The search box sits atop almost every Android phone, and I believe this gives Google a clear potential head start over the other competitors. Again: albeit extremely popular, Facebook would likely still require you to open the Messenger app and then look for the appropriate bot, which doesn’t seem very quick nor intuitive, while Microsoft altogether lacks a mass-market smartphone app that has high chances of convincing people to switch over; why download Skype or Cortana when something else is already available, baked right into the system?
In a way, I would expect Apple to take the same road soon, but even if Siri were to one day mirror all of these capabilities on iOS, the number of devices involved would still be significantly lower than that within Google’s reach; and actually, given that Google Now lives well inside iOS as an app, some users may be persuaded to use it; given there are still no Siri APIs, time could be a deciding factor, and Google apps are indeed popular on iPhones and iPads. However, this could highly depend on the limitations the app would have inside Apple’s system, as well as all of the aforementioned problems, of course.
Nevertheless, Google should exploit this massive OS-based ridership — we’re talking ~1.5 billion devices on Android alone, not something to underestimate — and make it clear that such an implementation is available, easy to use and ready at one’s fingertips. If someone knew they could just type (or say) “call me an Uber” or “buy me a McWhopper” (please don’t) and have a quick, immediate response, I could definitely see people starting to use bots as an alternative to apps; especially single purpose ones. After all, at its core, this would be a very natural extension of what Now already does, but one capable of tapping into third party services’ bots other than the web.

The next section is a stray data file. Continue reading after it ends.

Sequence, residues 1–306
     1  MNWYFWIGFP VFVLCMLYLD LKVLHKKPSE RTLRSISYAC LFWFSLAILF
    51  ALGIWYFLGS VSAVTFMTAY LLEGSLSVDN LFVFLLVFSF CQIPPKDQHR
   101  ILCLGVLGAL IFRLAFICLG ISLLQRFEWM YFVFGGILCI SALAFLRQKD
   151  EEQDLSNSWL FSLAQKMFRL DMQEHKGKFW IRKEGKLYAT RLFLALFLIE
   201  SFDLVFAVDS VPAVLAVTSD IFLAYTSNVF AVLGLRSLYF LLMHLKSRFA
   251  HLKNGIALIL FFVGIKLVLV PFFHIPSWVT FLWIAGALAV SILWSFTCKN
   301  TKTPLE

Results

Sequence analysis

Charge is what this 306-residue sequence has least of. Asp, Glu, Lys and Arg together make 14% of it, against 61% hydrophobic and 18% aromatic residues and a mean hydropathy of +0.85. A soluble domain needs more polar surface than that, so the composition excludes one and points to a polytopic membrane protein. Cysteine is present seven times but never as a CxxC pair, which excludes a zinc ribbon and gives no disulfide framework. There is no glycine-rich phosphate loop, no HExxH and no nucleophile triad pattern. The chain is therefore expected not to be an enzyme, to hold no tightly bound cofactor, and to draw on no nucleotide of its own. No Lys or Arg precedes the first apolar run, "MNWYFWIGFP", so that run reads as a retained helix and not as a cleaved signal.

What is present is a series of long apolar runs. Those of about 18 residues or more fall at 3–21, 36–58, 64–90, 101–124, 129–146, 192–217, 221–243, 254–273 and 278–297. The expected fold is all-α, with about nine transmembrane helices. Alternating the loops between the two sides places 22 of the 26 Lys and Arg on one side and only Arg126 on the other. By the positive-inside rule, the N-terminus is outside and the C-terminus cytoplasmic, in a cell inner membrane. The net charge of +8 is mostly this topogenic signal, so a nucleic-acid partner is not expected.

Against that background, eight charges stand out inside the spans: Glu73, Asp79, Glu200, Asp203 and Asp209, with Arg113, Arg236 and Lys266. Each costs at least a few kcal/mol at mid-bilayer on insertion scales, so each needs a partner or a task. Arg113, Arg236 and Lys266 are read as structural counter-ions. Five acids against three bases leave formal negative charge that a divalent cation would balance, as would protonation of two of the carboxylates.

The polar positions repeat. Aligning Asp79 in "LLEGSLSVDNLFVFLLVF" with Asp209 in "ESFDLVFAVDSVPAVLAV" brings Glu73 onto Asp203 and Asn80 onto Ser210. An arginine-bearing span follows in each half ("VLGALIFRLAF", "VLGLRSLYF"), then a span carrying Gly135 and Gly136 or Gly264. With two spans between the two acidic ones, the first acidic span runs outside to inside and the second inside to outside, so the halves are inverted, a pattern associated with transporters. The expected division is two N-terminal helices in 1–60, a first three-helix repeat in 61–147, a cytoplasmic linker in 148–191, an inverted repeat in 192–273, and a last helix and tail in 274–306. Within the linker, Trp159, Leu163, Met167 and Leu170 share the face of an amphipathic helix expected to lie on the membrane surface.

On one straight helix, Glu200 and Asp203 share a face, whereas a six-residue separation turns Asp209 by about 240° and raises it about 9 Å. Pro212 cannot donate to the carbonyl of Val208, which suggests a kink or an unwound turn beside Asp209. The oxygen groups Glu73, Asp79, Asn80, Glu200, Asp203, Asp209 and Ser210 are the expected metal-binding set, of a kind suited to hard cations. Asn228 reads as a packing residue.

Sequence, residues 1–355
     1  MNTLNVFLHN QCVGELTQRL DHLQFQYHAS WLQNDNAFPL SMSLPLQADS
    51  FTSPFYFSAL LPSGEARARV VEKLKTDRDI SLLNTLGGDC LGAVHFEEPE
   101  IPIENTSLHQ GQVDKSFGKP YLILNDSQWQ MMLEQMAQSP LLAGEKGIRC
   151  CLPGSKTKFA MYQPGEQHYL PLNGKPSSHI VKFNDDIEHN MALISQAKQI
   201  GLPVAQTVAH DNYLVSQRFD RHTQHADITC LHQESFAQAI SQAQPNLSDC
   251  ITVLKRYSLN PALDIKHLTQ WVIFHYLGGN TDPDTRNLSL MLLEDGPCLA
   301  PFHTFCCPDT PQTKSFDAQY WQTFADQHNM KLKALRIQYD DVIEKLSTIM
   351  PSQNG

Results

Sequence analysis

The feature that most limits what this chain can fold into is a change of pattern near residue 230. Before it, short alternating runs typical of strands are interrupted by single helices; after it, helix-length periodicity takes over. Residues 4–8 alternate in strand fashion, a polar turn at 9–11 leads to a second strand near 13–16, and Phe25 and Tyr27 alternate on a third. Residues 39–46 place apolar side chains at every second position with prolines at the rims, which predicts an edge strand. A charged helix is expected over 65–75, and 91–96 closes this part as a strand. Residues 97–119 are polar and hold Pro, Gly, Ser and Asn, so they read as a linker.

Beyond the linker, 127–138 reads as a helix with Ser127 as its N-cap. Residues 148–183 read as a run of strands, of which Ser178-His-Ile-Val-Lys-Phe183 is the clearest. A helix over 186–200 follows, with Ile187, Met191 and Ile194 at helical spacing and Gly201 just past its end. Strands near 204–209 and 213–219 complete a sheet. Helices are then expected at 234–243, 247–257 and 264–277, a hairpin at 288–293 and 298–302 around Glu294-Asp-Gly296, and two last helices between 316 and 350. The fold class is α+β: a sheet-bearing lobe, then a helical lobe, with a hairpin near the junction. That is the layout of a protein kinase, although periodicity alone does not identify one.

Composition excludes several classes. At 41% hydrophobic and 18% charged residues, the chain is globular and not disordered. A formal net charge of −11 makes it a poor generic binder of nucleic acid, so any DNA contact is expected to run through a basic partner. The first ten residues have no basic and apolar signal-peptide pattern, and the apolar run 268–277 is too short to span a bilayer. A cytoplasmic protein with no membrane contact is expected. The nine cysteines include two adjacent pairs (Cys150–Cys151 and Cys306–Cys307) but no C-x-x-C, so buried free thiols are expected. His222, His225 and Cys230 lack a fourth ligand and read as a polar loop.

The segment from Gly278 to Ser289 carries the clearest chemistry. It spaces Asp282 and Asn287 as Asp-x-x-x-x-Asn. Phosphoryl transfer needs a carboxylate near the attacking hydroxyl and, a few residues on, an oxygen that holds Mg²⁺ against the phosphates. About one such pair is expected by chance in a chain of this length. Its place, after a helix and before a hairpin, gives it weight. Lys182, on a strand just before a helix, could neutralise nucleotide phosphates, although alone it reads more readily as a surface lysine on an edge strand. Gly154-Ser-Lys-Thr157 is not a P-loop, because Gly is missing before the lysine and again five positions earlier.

Imagine using Now on Tap on a webpage where you see a certain product, and having Amazon’s bot ready in case you wanted to purchase it without ever leaving the page. Or perhaps think of a situation where a friend sends you their location, and regardless of the messaging app they are using, the system-embedded Now is capable of linking you with, say, Lyft‘s bot on the fly. Picture yourself shouting something like “show me the way to work with Citymapper” or “check that flight to Paris with Skyscanner” and having the system — with Now connecting with the appropriate bot each time — do all the work, perhaps even synced across all your systems, so to have results tailored to you regardless of the device you are using.
Lilian Rincon of Microsoft showed something very similar at Build, using Skype as a canvas; Cortana knew where she had to go and when, and thus prompted her with a hotel recommendation, which then led to linking her with the hotel’s bot and let her choose and confirm a room; these are all things that Google could manage just as well, retrieving data from our calendars and flights (as it already does), but being able to manage this ‘conversation’ inside of Now rather than Skype may have an entirely different outcome for the evolution of bots, hopefully leading us to that promised future sooner than we expect.
I believe that while apps are here to stay, bots may in fact represent the one change our smart devices need to become truly smart, allowing us to do not just an increasingly bigger number of things, but do them effortlessly and intuitively. Is this what Google is envisioning for the future of bots, Android and their integration? I don’t know. But I certainly hope it’s not too far from that.